Jason Becker: The Interview
In 1987, Jason Becker was one of the fastest rising stars of the world of guitarists. Having joined Cacophony with Marty Friedman at just the age of 16 and played on Speed Metal Symphony and Go Off, his skills were on full display. Becker was a highly experienced neo-classical metal guitarist who would incorporate every manner of playing: sweep picking, alternate picking, arpeggios, tapping and inventive use of harmonics. But his amazing rise to the top was cut short as he was diagnosed with ALS, which eventually causes a loss of muscle control. But that hasn’t stopped Jason at all, in recent years he has been seen on the cover of Guitar Player, starred in a documentary, worked on a signature guitar, and finished a signature pickup with Seymour Duncan that had been started before ALS claimed his ability to play.
Who are your musical heroes? Man, I could go on and on. In no particular order: Peter Gabriel, Marty Friedman, Steve Hunter, Bob Dylan, Hendrix, Eddie Van Halen, Mozart, Bach, Beethoven, Stravinsky, Debussy, SRV, Stevie Wonder, Philip Glass, Uli Jon Roth, Michael Lee Firkins, Greg Howe, Richie Kotzen, David Gilmour, Jeff Beck, Hiromi, Trevor Rabin, Morse, Alan Hovhaness, Morten Lauridsen, Dan Alvarez…
When were you first introduced to Seymour Duncan pickups? I think my Hurricane guitar, that I used on my Perpetual Burn album when I was 18, had one in it. At least it was similar to a Duncan. I compared it to other Duncans and I discovered that is the sound I preferred. I love how they have balls along with a sweet lead tone. It fit my style perfectly. I remember Bob Rock bringing in a Les Paul with a Duncan JB in it while I was recording the David Lee Roth song “A Little Ain’t Enough.” I absolutely loved it.
Where does the story of the Jason Becker signature pickup begin and how would you describe the tone of the final result? After playing with Bob Rock’s guitar, I contacted Seymour Duncan to potentially work on a Becker pickup. We talked about what I wanted and over the course of a few months, they sent about six test pickups. I was loving them, but trying them out was becoming extremely difficult due to my growing weakness from ALS. I could barely play. While I was talking on the phone to my friend at Duncan, my voice gave out. With my weak voice, I asked if I could call back later. He was very sweet. I freaked out, and in my fear and nervousness, I never called him back. Doh!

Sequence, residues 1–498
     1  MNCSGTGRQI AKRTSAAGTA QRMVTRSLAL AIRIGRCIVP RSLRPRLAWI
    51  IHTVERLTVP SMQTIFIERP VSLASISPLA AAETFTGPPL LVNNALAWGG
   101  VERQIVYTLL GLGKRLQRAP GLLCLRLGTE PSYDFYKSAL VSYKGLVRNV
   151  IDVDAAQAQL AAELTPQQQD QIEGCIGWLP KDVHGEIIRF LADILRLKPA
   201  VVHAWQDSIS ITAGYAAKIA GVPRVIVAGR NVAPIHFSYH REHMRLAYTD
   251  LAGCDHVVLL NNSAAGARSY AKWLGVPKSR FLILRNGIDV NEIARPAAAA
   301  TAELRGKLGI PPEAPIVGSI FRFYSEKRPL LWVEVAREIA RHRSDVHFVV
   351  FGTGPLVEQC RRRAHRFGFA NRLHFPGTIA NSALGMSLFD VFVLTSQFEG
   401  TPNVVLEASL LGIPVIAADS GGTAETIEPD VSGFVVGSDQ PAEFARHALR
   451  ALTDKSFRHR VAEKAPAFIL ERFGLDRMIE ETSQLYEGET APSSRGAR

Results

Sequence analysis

A couple years ago, my buddy Michael Lee Firkins came over to test a possible Becker signature amp. We tried tons of guitars, but didn’t find any that sounded very good, or at least that sounded like me. We finally plugged in the guitar with one of my test Duncans in it, and we were all floored! It was like magic. That made me write to Seymour Duncan and that got the ball rolling. When I sent them the old test pickup, they were surprised at how low the output was. I guess I had gotten into more of a PAF sound when I turned 20. We knew that people would expect something different from a Becker pickup. I loved the tone, though. My guitar buddy, Chris Barnett, tested the output of my original blue Carvin, which is what I used most back in the day. We had Duncan make a test pickup with that output, and voila! We still messed around to find the exact, perfect output and tone. They sent about seven different test pickups and the last one was perfect! I would say the final tone sounds like me, only way better! It has the thick beef and balls that we metal players and old Van Halen fans like, plus a sweet, clear and crisp, yet warm lead tone.
What is your relationship with Mary Friedman nowadays? Since he lives in Japan, we just email a lot. We are still best of friends. I sent him a few musical ideas, which he used to compose a new song for his latest album. It is way cool. Kind of like a new Cacophony instrumental, without my annoying ass getting in his way. Ha ha! I am working on a new album, too, and if I ever finish writing the song for him, Marty will play on it.
What advice would you offer aspiring guitar players on song and solo composition? Good question. I guess I would say try to come up with a nice melody. So many players have great technique, but they don’t do anything that is enjoyable to listen to. Have some nice chord changes that tug at people’s emotions. Listen to all different types of music. Don’t do stuff that others have already done. We all do that, but try to use different flavors. Don’t always think about what you can do on guitar, think about what you can make people feel.